The irony of his incredible ratings in New York on the same station which presents a host with a polar-opposite viewpoint [Lionel, WOR; where Jean Shepherd's compelling program aired nightly four decades ago], simply speaks to the notion that a radio company will broadcast ANYTHING within the bounds of FCC tolerance, to boost ratings. Savage is dangerous. I listen not because I agree with him, but because his program opens an otherwise closed door to a very different world than the one I exist in. The Savage Nation is populated predominantly by the disenfranchised "angry white man" (and some women) who are in need of a focus for their frustrated hatred. An all-too-familiar scenario that validates hatred and furthers the divide among the diverse soul of this country. Part of what I hear, from both sides of the political spectrum, is beyond simple partisanship. It is a fracturing of the culture, where accepting an opposing view means your viewpoint may be incorrect, or ... perhaps needs more thought and perspective. This segment of society simply can not admit to or accept that notion.

A fundamentalist believes without question, as do most of those who agree with Wiener. If someone is totally supportive of the Bush administration, to admit the failure of his policy is to also admit their own fallibility.

I think it's another dangerous and very sad commentary that this man is as popular as he is. Thanks for this very interesting and necessary article. I hope others find it as I have. I heard Savage reference a recent article on his show last night [7/24], and a Google search revealed yours to be the most recent. I'm assuming this is the story he was so angered by, suggesting the author sought no "positive" comments. Poor Michael. Such a thin skin. Another example of his damaged ego.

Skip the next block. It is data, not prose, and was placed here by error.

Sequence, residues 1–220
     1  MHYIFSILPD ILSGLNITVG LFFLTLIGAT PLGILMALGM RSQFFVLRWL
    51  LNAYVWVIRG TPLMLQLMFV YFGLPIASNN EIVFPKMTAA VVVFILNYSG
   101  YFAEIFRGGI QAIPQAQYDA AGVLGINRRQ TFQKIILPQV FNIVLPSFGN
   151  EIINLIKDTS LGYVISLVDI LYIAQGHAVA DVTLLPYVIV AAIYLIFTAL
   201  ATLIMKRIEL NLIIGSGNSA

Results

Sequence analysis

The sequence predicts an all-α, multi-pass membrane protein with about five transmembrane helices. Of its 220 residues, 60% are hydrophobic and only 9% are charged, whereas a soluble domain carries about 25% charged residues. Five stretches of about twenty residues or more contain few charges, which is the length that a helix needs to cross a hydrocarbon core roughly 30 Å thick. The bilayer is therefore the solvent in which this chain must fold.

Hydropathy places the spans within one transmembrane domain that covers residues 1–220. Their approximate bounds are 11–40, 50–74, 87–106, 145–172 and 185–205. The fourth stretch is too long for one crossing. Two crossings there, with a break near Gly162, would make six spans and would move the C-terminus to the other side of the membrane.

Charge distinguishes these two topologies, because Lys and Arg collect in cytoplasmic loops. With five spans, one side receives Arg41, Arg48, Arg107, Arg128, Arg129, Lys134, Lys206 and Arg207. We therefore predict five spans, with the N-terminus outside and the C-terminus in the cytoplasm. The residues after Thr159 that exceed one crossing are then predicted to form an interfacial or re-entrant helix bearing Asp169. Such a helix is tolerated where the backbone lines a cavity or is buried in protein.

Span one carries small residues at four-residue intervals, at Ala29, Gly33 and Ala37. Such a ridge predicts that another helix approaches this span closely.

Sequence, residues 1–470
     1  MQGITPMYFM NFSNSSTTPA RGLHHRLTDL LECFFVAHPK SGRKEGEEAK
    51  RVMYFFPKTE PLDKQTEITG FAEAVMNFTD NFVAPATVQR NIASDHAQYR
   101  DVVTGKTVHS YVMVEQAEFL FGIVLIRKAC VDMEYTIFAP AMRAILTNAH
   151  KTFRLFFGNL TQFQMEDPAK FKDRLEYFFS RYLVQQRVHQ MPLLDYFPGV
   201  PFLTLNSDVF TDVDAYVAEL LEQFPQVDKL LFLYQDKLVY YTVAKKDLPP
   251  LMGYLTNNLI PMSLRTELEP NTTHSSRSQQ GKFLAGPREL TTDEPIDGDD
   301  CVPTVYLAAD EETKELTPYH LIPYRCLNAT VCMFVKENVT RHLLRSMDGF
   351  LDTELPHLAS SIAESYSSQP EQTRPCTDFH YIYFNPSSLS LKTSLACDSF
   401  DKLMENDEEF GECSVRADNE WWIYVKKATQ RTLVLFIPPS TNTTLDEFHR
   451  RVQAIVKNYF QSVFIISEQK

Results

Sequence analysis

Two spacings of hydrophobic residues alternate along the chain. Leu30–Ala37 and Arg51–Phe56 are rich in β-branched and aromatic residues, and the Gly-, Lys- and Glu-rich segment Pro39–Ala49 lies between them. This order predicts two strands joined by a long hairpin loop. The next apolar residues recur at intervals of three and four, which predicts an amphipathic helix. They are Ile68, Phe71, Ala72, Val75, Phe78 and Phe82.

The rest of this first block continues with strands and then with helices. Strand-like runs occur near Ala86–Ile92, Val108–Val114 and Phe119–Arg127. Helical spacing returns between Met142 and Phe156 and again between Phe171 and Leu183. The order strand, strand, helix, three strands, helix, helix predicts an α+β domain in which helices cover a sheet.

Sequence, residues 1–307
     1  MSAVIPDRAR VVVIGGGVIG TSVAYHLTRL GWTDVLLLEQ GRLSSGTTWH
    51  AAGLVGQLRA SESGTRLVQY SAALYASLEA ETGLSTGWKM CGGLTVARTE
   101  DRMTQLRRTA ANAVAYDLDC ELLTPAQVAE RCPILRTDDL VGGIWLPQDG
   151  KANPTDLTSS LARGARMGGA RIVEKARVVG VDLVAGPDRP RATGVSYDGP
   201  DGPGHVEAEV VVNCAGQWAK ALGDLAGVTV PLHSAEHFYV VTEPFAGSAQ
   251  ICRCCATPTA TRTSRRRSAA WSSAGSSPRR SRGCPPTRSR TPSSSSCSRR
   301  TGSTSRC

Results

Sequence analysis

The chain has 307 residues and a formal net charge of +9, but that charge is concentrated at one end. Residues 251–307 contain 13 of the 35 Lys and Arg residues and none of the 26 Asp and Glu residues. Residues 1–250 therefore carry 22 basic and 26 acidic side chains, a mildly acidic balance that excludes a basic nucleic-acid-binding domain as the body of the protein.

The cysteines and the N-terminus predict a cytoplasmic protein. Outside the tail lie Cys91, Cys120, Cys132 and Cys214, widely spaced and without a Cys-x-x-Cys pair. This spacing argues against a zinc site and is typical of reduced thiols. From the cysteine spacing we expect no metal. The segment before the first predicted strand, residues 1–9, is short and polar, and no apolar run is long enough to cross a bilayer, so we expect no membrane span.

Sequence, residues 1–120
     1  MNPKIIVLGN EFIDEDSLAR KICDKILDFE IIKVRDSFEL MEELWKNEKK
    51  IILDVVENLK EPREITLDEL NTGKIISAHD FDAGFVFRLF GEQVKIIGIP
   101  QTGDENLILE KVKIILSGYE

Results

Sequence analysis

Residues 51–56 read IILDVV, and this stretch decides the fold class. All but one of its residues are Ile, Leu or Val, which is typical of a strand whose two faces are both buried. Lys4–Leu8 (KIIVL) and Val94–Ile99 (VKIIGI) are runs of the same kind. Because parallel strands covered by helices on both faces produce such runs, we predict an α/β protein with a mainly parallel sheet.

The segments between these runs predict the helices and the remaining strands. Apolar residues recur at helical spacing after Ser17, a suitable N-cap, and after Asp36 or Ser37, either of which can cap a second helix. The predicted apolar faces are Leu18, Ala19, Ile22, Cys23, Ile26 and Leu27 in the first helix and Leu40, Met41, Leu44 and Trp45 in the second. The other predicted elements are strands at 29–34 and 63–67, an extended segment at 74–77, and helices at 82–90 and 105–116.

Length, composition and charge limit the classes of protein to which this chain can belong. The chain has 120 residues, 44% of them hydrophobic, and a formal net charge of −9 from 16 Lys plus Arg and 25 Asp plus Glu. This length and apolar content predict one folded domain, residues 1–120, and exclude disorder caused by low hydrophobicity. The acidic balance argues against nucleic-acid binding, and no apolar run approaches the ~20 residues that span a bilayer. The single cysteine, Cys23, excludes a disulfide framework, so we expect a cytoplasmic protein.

Joel Moss, Batavia, Ohio

"Need Work? Swear on the Dotted Line," Cityside, 7/19

Solutions for the oath
I understand Jackson's concerns about signing this oath — the practical point especially — could this be construed and/or used as a consent to enter the military? I worked for the County of Alameda for over seventeen years and I don't recall being required to sign such an oath, though it may have happened. I did avoid being fingerprinted for several weeks because I considered it to be degrading and criminal-oriented. The wording of the oath does raise serious concerns if someone thinks it through.

Mr. Jackson is a unique and original person and it is good, I think, that he has brought this to light. I have two solutions:

1) A person could sign the oath and add a statement similar to this on the paper: "My signature on this document shall not and may not be taken as consent to military service for myself. It is not necessary to take up arms and do other things involved in military service in order to 'support and defend the United States and California constitutions against all enemies foreign and domestic.' Indeed, to support and defend often means to watch out for political maneuvering that will undermine what is good, rather than to be sent to kill and die." (Notarizing might be added.)

2) The oath itself should be rewritten in a standard form that specifically states that signing the oath shall not and may not be taken as consent to military recruitment and/or military service, which is a separate matter form loyalty and support for state, country, and constitutions thereof.
Name withheld, Berkeley

"The Quick and the Dead," Feature, 7/26